Prognostic significance of depression in blacks with heart failure: insights from Heart Failure: a Controlled Trial Investigating Outcomes of Exercise Training.
ABSTRACT: Although studies have shown that depression is associated with worse outcomes in patients with heart failure, most studies have been in white patients. The impact of depression on outcomes in blacks with heart failure has not been studied.We analyzed 747 blacks and 1420 whites enrolled in Heart Failure: A Controlled Trial Investigating Outcomes of Exercise Training, which randomized 2331 patients with ejection fraction ?35% to usual care with or without exercise training. We examined the association between depressive symptoms assessed by the Beck Depression Inventory-II (BDI-II) at baseline and after 3 months with all-cause mortality/hospitalization. A race by baseline BDI-II interaction was observed (P=0.003) in which elevated baseline scores were associated with worse outcomes in blacks versus whites. In blacks, the association was nonlinear with a hazard ratio of 1.44 (95% confidence interval, 1.24-1.68) when comparing the 75th and 25th percentile of BDI-II (score of 15 and 5, respectively). No race interaction was observed for mortality (P=0.34). There was no differential association between BDI-II change and outcomes in blacks versus whites. In blacks, an increase in BDI-II score from baseline to 3 months was associated with increased mortality/hospitalization (hazard ratio, 1.33; 95% confidence interval, 1.12-1.57 per 10 point increase), whereas a decrease was not related to outcomes.In blacks with heart failure, baseline symptoms of depression and worsening of symptoms over time are associated with increased all-cause mortality/hospitalization. Routine assessment of depressive symptoms in blacks with heart failure may help guide management.URL: http://www.clinicaltrials.gov. Unique identifier: NCT00047437.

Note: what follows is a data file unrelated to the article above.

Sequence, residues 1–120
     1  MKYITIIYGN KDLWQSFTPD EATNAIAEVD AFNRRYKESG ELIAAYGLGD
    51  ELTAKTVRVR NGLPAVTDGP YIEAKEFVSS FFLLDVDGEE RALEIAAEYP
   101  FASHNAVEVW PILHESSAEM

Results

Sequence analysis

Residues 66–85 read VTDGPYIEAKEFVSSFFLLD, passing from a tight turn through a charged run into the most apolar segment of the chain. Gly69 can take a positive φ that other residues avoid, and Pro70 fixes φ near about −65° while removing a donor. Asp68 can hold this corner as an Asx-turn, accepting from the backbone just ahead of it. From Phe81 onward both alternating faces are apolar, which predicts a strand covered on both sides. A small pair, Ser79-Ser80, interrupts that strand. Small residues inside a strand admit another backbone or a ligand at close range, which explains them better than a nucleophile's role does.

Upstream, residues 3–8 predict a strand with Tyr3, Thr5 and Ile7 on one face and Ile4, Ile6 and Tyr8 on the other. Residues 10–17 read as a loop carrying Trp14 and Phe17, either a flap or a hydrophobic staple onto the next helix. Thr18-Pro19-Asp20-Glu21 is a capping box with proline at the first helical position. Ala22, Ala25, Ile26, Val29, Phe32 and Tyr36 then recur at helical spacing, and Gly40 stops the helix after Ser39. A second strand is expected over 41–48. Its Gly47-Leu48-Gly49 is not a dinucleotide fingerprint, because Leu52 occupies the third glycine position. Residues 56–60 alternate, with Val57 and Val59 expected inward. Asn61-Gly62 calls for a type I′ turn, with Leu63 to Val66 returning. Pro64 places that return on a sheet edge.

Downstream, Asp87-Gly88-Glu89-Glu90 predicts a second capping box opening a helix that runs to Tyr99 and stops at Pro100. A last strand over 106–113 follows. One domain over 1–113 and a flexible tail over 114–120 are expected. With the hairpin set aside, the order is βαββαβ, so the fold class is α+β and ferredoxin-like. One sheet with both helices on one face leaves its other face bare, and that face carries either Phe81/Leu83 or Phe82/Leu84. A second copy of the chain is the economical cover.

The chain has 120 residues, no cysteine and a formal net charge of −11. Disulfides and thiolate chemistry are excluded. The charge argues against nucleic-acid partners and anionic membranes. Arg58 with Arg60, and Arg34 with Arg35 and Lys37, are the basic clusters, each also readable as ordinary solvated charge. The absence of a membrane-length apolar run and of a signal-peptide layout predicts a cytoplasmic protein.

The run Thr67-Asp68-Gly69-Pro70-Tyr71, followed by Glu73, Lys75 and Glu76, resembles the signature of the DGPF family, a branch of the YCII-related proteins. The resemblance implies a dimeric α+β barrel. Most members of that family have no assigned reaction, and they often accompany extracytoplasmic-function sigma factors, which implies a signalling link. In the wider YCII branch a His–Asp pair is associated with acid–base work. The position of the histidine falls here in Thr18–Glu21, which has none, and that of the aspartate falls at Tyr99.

Project description:OBJECTIVE:This study evaluated agreement between the Patient-Reported Outcomes Measurement Information System® (PROMIS®) Depression scale and the Beck Depression Inventory (BDI-II) in patients with heart failure and comorbid major depression. METHOD:The BDI-II and the computerized adaptive test version of the PROMIS® Depression scale were administered at baseline to 158 participants in a randomized controlled trial of cognitive behavior therapy for major depression in patients with heart failure. A crosswalk table (Choi, Schalet, Cook, & Cella, 2014) was used to transform the PROMIS® scores into "linked" BDI-II equivalent scores. Bland-Altman plots, histograms, and scatterplots were used to visualize the agreement between these scores at baseline and 6 months, and intraclass correlation coefficients (ICCs) were calculated for each occasion to quantify the agreement. Treatment effects and change scores were also examined. RESULTS:The measures agreed moderately at baseline (ICC = 0.52, p < .0001) and strongly at 6 months (ICC = 0.77, p < .0001), but on average, the linked and observed BDI-II scores differed by 3.1 points at baseline (p < .0001) and -0.17 points at 6 months (p = .78). The discrepancies were considerably larger in many individual cases on both occasions. CONCLUSIONS:The PROMIS® Depression scale is likely to play an important role in research on depression in patients with heart failure, but for now, it should be used in addition to rather than instead of the BDI-II in studies in which the BDI-II would ordinarily be used. Additional research is needed to evaluate the validity and utility of the PROMIS® Depression scale in patients with heart failure. (PsycINFO Database Record (c) 2019 APA, all rights reserved).